Tricky wildflowers. They are inside my brain, in the perfume neurons, the color neurons, the close allies of taste, and memory. Perhaps the imperative voice telling me to PLANT THEM. NOW. is not out of place. Because it's a flower voice that speaks to me, across miles, over coffee. Once they sprout up and bask in the sun, I'll sip them water from my bottle, to see what they remember. I've become an agent of the wildflower protocol.

Jobot ambience shot. Locked bike to fence out front.

Thursday, October 9, 2014

Riding Beneath Galena Skies

Yet more tropical weather in a desert city

There's nothing to describe these remnants of tropical storm Simon skies better than "leaden". But this adjective put me in mind of visiting the lead mining city of Galena, IL when I was seven, and of the small cubic chunks of lead ore, also called galena, that I collected on that visit. I'll go slow; I'll get wet; but at least since we don't put ethyl in our gasoline any more it's not actual galena falling from the sky here.

Sunday, October 5, 2014

Coffeeneuring Without a Chain Tool

For this first one, better safe than sorry

To kick off my participation in the Chasing Mailboxes 2014 Coffeeneuring Challenge, I made some adjustments to my Trek 950 to make it rideable for my older daughter, and enticed her into a shorter ride with promises of iced tea and fresh-baked muffins. We rode about three miles to Terra Java as our first destination.

Terra Java. Lock to handicapped parking sign.

For such a brief and carefree trip, which, by its very name ought to be easily begun and performed without cares, you would think I could bring myself to just hop on the bike and go, without carrying much or anything. So, while one U-lock to secure both bikes to a signpost is probably justifiable, anything else just seems like impediments: to gather, to carry, to walk around with, to keep track of. There's some kind of minimalist principle at work here, that the less you carry, the easier and more relaxed the trip would be. It should be about the coffee, and the fun, time spent with the daughter, enjoyment of the sunshine and the morning, rather than about the gear.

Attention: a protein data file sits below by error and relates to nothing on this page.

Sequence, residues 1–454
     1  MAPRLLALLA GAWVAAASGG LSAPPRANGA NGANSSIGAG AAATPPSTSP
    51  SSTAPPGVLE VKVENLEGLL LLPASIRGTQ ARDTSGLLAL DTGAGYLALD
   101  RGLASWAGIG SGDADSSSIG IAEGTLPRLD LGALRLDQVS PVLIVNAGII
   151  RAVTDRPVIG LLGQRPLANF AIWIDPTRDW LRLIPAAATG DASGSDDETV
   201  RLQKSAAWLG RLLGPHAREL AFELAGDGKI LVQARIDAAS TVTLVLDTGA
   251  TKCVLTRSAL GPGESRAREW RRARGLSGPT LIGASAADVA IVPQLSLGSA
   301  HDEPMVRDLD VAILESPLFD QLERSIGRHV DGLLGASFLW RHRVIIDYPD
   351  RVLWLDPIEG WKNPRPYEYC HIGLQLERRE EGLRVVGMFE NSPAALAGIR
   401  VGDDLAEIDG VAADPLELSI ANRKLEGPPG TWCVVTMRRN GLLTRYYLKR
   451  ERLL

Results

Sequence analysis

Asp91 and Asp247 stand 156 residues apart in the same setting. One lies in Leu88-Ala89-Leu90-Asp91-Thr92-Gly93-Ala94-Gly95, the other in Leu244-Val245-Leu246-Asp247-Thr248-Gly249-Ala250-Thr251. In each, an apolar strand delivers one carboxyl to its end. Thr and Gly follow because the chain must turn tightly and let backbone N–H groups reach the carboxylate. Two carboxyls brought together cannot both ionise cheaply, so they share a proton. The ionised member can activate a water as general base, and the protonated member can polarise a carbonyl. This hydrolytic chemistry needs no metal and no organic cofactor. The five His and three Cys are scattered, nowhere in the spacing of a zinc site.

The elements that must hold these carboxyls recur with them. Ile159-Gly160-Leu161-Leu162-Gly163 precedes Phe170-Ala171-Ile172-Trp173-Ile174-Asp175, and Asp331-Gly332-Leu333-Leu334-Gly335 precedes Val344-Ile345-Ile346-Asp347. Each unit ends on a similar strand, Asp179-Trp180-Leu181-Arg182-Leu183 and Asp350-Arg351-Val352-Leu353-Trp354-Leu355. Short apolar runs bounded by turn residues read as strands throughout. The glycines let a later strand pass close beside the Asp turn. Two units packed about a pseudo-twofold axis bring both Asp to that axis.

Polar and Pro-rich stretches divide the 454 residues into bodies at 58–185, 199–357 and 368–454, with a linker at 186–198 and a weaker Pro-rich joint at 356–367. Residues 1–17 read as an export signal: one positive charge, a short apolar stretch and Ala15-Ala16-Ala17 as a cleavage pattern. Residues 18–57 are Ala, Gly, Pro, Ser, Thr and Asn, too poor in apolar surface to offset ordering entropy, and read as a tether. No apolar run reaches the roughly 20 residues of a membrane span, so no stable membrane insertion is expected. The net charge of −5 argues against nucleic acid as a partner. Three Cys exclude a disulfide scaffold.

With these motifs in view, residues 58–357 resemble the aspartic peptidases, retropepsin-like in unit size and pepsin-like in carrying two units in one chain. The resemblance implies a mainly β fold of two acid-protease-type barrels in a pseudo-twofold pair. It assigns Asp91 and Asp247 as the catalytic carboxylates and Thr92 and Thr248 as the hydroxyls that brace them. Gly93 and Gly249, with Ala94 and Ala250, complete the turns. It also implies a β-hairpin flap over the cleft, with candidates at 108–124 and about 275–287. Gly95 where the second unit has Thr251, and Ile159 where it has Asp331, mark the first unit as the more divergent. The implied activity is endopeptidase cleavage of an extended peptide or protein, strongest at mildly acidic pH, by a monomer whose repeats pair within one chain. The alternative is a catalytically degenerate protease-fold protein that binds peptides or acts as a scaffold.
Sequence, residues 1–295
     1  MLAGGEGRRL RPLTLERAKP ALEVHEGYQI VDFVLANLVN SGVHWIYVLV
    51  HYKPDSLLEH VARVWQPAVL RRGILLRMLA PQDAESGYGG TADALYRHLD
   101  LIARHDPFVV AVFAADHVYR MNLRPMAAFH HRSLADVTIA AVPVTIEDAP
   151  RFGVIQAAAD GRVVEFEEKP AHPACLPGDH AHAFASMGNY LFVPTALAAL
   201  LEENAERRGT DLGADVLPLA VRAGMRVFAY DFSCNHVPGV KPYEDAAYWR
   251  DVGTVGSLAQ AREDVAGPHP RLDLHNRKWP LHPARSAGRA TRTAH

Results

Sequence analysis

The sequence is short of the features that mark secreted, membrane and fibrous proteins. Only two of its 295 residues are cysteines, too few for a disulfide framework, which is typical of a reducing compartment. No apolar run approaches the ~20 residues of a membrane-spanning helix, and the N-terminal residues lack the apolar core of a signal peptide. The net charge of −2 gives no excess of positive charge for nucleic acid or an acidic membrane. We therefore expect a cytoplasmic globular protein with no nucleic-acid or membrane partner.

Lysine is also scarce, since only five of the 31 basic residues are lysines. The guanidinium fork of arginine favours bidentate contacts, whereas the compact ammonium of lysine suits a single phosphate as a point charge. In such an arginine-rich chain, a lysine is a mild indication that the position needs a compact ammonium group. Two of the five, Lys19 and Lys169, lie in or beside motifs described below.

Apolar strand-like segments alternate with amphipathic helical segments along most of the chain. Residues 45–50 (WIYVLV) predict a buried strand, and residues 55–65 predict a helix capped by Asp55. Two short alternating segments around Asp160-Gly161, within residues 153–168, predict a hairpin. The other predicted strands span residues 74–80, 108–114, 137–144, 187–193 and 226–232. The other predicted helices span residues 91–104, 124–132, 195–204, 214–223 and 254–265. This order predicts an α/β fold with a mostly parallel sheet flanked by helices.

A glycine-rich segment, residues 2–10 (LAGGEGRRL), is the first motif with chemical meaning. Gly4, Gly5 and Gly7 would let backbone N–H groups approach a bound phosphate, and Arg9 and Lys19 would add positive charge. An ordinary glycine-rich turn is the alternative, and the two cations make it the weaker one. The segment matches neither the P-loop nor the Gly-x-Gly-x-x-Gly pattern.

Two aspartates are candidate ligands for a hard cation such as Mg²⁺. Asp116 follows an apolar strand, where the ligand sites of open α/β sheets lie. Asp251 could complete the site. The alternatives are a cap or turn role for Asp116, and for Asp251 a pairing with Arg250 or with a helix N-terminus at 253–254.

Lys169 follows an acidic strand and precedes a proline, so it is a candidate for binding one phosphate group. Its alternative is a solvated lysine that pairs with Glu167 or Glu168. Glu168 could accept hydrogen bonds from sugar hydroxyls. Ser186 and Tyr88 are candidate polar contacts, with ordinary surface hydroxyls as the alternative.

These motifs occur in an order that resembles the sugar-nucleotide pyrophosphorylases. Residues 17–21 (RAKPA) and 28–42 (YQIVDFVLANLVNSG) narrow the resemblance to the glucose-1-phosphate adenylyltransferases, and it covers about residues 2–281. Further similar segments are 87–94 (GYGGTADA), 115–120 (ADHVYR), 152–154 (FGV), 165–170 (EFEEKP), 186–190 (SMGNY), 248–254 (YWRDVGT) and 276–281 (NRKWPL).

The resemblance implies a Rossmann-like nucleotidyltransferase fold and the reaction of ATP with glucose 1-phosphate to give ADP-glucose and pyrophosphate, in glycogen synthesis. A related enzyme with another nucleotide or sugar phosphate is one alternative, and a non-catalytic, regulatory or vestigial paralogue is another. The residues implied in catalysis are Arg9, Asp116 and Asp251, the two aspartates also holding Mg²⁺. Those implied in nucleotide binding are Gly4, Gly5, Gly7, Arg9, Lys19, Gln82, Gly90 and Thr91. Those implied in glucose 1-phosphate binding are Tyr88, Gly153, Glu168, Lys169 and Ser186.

I think, though, since I wanted to make sure that my daughter's ride went as smoothly as possible on the unfamiliar-to-her bicycle, I took gear along anyway: a frame pump in case there was any trouble with the new tires I had mounted. A six foot cable in addition to the U-lock to give more options for securing the bikes at the destination. A multitool. My camera to support this post.

All that stuff is probably acceptable, given the circumstances. But when you get right down to it, there's little or no justification for taking the chain tool on a three mile coffeeneuring fun ride. That's just pure OCD tool toting. Next time, next weekend, no chain tool. I will be bold and brave. Maybe.

Good coffee, good turkey pesto pannini.

The food and coffee at Terra Java was fresh and tasty. For dine-in I would prefer my coffee in real cups not paper, particularly since the food came on an actual plate, but I didn't ask so perhaps that was my doing--I'm sure just as many people would request that coffee served in a ceramic mug was poured into a paper cup so they could take it with them, and since I didn't ask I'm not criticizing. The ambiance was quiet and calm, just as I prefer.

Ambiance shot

Did I overthink and overpack for a short coffeeneuring ride? Since I want to go with what is both comfortable and easy, I'm looking at a basket for her coffeeneuring bike along with something like a Sackville Shop Sack from Rivendell to just toss everything in and go. I'm not saying if "everything" includes a chain tool or not, that will be concealed within the great and easygoing darkness of the bag of stuff. Pretty sure a pump and an extra tube will be in there, though. Just in case.

Trek 950 tuned up for coffeeneuring: Brook's leather grips, easy bars, Crane bell, comfy saddle, smooth city tires.